The clip preferably has legs whose width decreases in a direction away from the central region of the clip. Where such a clip configuration is adopted, the outlet channels formed for the cables will normally be oriented to diverge from one another rather than parallel to one another, which corresponds more closely with the orientation provided by existing moulded parts employed for harness branch-offs. The lateral edges of each clip leg may be curved or straight, but will often be substantially straight over at least a major part of their length, in which case the straight parts preferably subtend an angle in the range of at least 5° and especially at least 10° to each other, but preferably not more than 40° and especially not more than 30° to each other, the angle determining to some extent the angle at which the cables leave the branch-off. In some instances it may be preferable for the cables to be parallel, in which case a clip having parallel lateral edges is preferred.
In this form of clip the protrusions may conveniently be formed as flaps in the legs. For example, one or more rigid flaps may be stamped in the legs so that the free ends of the flaps are oriented toward the central region of the clip. Alternatively, the protrusions may be formed by punching the protrusions by means of an appropriately shaped die. In yet another form of arrangement the clip may be crimped so that each leg has a serrated or saw-tooth profile. If desired the protrusion may have the same spacing along the length of the clip legs as the spacing of the ribs on the recoverable article so that each tooth will engage a rib, or they may have spacings that are a multiple of the rib spacings so that only alternate or every third rib or so is gripped. In yet another arrangement the protrusions may have an intermediate spacing, eg. a spacing between the rib spacing and twice the rib spacing, or may have a spacing smaller than the rib spacing, and/or may have protrusions that are offset from those on the other leg, so that at least one protrusion will engage a rib even when the clip is pushed over the end of the sleeve by different extents.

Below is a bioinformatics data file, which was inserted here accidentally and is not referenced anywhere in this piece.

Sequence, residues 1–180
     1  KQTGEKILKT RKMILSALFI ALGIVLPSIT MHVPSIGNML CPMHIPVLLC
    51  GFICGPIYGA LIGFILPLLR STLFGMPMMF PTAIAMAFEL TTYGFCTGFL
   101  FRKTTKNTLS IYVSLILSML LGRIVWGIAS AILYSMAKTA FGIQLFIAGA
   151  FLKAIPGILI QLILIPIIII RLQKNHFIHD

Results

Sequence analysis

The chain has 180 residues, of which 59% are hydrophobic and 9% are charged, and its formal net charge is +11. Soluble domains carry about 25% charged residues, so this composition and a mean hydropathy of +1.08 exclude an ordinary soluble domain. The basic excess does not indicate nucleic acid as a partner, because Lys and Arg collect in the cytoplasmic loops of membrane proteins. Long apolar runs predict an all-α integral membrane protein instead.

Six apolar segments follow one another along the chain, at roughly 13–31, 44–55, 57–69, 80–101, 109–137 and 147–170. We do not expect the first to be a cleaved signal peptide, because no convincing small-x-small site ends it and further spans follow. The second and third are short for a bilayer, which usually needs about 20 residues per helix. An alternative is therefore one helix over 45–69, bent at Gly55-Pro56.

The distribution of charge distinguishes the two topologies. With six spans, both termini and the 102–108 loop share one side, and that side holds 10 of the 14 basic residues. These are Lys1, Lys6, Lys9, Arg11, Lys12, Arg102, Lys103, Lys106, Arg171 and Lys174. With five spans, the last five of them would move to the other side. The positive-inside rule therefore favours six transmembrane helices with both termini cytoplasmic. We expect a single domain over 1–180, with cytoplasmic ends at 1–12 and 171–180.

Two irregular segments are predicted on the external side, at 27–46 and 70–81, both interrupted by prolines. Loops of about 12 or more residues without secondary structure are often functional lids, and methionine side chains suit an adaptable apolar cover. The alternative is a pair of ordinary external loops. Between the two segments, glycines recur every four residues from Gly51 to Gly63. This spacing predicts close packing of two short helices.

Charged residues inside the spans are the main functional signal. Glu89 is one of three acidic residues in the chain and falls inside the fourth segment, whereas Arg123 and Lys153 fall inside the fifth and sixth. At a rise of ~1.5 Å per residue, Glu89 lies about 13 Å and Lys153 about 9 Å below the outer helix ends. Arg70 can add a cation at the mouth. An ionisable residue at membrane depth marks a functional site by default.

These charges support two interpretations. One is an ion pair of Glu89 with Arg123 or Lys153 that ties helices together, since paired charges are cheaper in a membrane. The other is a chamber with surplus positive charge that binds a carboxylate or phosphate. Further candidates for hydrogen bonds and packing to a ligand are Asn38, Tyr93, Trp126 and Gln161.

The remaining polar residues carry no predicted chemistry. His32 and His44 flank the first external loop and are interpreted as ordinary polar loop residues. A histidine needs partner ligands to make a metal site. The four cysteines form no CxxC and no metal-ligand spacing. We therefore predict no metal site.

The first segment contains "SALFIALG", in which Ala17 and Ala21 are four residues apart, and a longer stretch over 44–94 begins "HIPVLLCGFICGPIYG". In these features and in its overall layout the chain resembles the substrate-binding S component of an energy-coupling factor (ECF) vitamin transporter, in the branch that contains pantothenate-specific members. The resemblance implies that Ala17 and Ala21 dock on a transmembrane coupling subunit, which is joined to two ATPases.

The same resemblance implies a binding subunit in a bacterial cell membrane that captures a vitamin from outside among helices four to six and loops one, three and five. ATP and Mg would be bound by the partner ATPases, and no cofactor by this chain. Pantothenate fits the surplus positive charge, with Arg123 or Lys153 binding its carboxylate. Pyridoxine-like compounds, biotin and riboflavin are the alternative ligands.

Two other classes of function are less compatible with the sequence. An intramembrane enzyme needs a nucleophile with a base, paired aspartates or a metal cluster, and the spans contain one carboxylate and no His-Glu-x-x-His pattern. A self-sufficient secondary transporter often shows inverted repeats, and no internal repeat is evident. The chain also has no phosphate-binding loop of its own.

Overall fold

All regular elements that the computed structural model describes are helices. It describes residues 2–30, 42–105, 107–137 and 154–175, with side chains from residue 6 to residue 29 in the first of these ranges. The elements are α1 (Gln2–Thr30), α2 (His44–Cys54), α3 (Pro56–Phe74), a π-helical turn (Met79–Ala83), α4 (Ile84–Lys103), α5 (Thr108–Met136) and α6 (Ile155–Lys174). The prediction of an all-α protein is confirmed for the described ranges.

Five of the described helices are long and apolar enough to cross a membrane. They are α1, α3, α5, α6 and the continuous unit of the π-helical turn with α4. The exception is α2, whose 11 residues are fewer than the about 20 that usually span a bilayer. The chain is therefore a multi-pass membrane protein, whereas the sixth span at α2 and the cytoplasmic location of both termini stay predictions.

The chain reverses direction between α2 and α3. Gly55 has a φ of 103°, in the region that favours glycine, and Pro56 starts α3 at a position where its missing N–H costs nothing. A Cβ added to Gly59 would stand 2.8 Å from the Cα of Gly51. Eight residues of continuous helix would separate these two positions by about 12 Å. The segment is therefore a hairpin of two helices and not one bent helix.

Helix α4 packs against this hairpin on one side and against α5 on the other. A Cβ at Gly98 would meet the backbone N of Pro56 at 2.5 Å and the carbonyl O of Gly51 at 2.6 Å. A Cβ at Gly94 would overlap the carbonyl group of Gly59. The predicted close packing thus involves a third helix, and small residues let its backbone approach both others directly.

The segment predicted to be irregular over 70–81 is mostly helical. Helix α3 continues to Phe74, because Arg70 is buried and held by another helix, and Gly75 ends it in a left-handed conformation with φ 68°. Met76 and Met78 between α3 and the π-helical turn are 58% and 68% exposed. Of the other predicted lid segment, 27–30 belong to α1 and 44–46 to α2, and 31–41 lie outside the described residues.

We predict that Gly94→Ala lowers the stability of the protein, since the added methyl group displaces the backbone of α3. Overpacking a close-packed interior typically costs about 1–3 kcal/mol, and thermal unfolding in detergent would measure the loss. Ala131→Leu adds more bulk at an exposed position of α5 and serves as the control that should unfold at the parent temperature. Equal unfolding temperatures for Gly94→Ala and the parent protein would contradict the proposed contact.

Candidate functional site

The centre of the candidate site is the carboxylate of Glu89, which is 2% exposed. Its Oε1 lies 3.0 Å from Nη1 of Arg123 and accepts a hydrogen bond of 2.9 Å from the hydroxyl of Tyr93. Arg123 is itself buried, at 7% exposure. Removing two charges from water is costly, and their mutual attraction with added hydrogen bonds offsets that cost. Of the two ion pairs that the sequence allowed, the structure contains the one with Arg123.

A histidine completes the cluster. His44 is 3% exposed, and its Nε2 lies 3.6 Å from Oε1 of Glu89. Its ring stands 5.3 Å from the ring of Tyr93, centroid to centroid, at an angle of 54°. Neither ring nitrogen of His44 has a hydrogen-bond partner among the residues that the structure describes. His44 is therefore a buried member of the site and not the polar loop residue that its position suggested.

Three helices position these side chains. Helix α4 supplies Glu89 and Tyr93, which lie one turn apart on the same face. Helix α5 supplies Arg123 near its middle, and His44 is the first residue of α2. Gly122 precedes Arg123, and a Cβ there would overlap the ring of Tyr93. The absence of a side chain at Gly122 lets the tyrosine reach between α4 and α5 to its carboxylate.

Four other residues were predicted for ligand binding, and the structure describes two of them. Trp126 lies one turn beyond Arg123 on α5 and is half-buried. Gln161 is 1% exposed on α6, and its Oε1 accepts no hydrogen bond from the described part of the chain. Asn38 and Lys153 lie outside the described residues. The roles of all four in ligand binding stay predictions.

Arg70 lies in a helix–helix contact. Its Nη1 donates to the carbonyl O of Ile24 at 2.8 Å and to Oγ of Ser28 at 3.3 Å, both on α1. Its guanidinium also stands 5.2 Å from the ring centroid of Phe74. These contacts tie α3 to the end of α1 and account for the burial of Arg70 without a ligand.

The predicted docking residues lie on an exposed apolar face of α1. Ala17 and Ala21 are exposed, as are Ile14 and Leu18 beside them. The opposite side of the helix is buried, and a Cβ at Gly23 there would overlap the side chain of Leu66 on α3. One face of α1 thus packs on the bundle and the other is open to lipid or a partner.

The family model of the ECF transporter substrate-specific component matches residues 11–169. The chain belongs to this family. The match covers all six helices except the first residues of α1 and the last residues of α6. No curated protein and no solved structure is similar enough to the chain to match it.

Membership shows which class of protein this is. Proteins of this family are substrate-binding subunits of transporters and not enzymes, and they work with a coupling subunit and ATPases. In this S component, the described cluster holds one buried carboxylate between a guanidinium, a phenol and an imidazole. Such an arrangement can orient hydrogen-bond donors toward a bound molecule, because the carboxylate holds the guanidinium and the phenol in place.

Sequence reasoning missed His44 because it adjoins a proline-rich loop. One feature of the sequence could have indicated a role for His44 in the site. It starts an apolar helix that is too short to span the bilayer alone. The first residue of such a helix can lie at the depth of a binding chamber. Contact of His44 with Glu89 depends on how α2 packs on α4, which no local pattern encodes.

The dimensionally recoverable article will usually be provided with a layer of adhesive or sealant on its internal surface for preventing moisture ingress. Adhesives or sealants that maybe employed include, hot-melt adhesives, e.g. those based on ethylene homo or copolymers, e.g. ethylene vinyl acetate or ethylene ethyl, acrylate, and polyamide adhesives, for example formed from polyamides having a relatively large number (e.g. >15) of carbon atoms between adjacent carbonyl groups, preferred polyamides being based on dimer diamines as described in U.S. Pat. Nos. 4,018,733 and 4,181,775.
The arrangement according to the invention is particularly appropriate for use with recoverable sleeves that are to be sealed from moisture ingress by means of an adhesive that is cured when or after the sleeve is recovered, for example, a two part epoxy adhesive that may be mixed and applied to the sleeve just before recovery. It is particularly advantageous for the curable adhesive to be pre-coated on the sleeve, in which case it is preferably in particulate form so that the reactive components exist separately from one another in the form of particles until recovery of the sleeve. Particulate adhesives that may be employed are described in British patent application No. 2,104,800 A and in European patent application No. 157,478, the disclosures of which are incorporated herein by reference.